Bio

Clinical Focus


  • Anesthesia
  • Obstetric Anesthesia
  • High Risk Pregnancy
  • Postpartum Hemorrhage
  • Post-Dural Puncture Headache
  • Congenital Heart Defects

Academic Appointments


Professional Education


  • Board Certification: American Board of Anesthesiology, Anesthesia (2019)
  • Internship: Stanford University Internal Medicine Residency (2013) CA
  • Fellowship: Stanford University Anesthesiology Fellowships (2018) CA
  • Residency: Stanford University Anesthesiology Residency (2016) CA
  • Medical Education: University of California at San Francisco School of Medicine (2012) CA

Publications

All Publications


  • Transesophageal Echocardiographic Observation of Caval Thrombus Followed by Intraoperative Placement of Inferior Vena Cava Filter for Presumed Pulmonary Embolism During Cesarean Hysterectomy for Placenta Percreta: A Case Report A & A PRACTICE Nanji, J. A., Ansari, J. R., Yurashevich, M., Ismawan, J. M., Lyell, D. J., Karam, A. K., Hovsepian, D. M., Riley, E. T. 2019; 12 (2): 37–40
  • Transesophageal Echocardiographic Observation of Caval Thrombus Followed by Intraoperative Placement of Inferior Vena Cava Filter for Presumed Pulmonary Embolism During Cesarean Hysterectomy for Placenta Percreta: A Case Report. A&A practice Nanji, J. A., Ansari, J. R., Yurashevich, M., Ismawan, J. M., Lyell, D. J., Karam, A. K., Hovsepian, D. M., Riley, E. T. 2018

    Abstract

    During a cesarean hysterectomy for placenta percreta, transesophageal echocardiography was used to monitor volume status and guide resuscitation. After delivery of the neonate but before massive surgical hemorrhage, a thrombus appeared in the inferior vena cava. Roughly 3 hours later, the patient had hemodynamic changes consistent with an intraoperative pulmonary embolism. Boluses of epinephrine stabilized the patient. An inferior vena cava filter was placed via an in situ internal jugular central venous cannula to prevent further embolic events. We believe transesophageal echocardiography is a useful monitor during surgery for placenta percreta.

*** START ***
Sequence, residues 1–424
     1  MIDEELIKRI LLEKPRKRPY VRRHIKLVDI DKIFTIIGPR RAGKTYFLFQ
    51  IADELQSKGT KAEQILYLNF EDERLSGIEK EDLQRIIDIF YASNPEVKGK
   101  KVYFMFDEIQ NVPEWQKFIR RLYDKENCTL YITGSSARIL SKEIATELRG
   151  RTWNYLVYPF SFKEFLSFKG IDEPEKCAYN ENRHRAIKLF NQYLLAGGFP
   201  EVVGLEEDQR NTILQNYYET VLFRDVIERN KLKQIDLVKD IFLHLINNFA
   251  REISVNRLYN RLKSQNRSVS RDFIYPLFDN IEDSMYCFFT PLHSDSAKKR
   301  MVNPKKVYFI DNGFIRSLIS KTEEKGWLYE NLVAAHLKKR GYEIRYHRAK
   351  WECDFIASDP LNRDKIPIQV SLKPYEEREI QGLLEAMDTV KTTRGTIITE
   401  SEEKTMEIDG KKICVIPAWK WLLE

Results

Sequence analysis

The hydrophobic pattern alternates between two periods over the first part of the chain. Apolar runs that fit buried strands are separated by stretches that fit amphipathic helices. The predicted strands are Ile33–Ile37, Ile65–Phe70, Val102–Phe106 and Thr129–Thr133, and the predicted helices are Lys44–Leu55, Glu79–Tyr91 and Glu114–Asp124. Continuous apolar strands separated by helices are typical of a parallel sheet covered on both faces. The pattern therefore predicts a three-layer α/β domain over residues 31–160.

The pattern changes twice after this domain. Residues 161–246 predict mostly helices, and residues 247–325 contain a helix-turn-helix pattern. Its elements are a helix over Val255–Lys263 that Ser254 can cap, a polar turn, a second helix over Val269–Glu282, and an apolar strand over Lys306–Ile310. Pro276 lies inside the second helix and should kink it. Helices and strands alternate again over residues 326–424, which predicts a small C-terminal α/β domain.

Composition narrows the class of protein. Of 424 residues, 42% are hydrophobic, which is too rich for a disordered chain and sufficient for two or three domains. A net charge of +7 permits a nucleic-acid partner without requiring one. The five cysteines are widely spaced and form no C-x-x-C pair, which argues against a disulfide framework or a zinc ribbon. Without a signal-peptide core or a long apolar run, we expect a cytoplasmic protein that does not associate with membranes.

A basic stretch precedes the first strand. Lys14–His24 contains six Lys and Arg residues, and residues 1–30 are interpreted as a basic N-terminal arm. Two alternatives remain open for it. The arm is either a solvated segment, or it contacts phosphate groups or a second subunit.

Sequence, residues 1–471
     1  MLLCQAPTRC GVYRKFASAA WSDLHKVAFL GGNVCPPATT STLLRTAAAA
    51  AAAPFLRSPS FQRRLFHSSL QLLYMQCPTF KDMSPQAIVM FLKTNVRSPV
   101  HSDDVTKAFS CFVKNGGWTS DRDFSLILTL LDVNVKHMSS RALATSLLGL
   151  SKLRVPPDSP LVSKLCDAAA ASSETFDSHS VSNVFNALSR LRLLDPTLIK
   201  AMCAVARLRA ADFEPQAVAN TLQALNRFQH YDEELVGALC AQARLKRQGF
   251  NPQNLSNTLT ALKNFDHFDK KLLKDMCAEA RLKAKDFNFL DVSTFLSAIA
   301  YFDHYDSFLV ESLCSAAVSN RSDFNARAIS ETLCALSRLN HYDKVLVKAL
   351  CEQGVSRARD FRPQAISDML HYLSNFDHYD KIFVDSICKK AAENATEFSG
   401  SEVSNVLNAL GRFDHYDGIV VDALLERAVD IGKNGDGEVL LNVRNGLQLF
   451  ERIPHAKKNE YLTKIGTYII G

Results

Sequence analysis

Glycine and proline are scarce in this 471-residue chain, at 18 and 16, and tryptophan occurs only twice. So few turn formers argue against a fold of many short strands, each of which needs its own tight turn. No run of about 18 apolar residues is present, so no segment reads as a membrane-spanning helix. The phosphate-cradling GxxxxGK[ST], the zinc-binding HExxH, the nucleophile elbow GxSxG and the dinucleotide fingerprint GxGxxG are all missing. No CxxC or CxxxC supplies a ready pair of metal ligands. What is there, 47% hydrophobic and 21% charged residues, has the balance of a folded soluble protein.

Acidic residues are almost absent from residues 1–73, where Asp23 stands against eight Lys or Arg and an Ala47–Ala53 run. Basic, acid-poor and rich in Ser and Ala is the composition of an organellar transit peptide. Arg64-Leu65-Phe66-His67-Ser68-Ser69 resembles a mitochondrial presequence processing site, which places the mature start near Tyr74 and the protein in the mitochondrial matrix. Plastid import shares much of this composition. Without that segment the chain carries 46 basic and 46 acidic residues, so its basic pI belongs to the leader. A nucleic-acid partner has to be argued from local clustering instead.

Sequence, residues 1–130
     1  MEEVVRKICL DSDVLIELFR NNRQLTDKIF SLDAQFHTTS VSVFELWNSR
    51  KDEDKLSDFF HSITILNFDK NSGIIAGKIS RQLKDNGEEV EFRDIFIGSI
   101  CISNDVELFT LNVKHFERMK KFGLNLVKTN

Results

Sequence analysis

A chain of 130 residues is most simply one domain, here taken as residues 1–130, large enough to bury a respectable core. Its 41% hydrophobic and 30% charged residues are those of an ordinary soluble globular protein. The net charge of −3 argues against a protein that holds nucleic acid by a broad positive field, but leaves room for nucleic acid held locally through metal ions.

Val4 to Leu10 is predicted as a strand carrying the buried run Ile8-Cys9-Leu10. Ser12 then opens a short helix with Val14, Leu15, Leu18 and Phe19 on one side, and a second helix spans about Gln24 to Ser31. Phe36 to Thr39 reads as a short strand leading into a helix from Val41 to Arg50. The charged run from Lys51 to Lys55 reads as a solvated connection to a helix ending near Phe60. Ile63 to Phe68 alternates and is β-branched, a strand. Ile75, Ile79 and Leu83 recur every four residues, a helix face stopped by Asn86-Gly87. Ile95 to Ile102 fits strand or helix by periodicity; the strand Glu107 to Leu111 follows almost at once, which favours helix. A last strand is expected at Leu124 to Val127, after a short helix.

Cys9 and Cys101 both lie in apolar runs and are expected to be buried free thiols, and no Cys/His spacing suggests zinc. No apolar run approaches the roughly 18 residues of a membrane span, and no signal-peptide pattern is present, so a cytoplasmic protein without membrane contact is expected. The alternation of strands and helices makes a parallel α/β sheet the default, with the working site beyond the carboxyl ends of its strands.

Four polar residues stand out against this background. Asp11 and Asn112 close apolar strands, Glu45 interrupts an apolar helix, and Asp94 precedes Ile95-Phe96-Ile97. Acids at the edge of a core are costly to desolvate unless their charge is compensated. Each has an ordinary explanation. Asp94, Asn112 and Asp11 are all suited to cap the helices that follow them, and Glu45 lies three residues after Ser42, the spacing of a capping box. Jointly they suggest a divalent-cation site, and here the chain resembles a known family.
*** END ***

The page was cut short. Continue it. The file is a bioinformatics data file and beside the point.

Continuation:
View details for PubMedID 30020106

  • Pharmacokinetics and Pharmacodynamics of Drugs Commonly Used in Pregnancy and Parturition. Anesthesia and analgesia Ansari, J., Carvalho, B., Shafer, S. L., Flood, P. 2016; 122 (3): 786-804

    Abstract

    The majority of pregnant women will be treated with a medication other than a vitamin supplement during their pregnancy. Almost half of these medications will be category C or D according to the former US Food and Drug Administration classification system, indicating a lack of human studies with animal studies suggesting adverse fetal effects (category C) or evidence of risk in humans (category D). Changes in maternal physiology alter drug bioavailability, distribution, clearance, and thus the drug half-life in often unpredictable ways. For many drugs, good pharmacokinetic and pharmacodynamic data in pregnancy and parturition are lacking. For other drugs, recent studies demonstrate major pharmacokinetic or pharmacodynamic changes that require dose adjustment in pregnancy, but current dosing guidelines do not reflect these data. In this review, we address the principles that underlie changes in pharmacology and physiology in pregnancy and provide information on drugs that anesthesiologists commonly encounter in treating pregnant patients.

    View details for DOI 10.1213/ANE.0000000000001143

    View details for PubMedID 26891392

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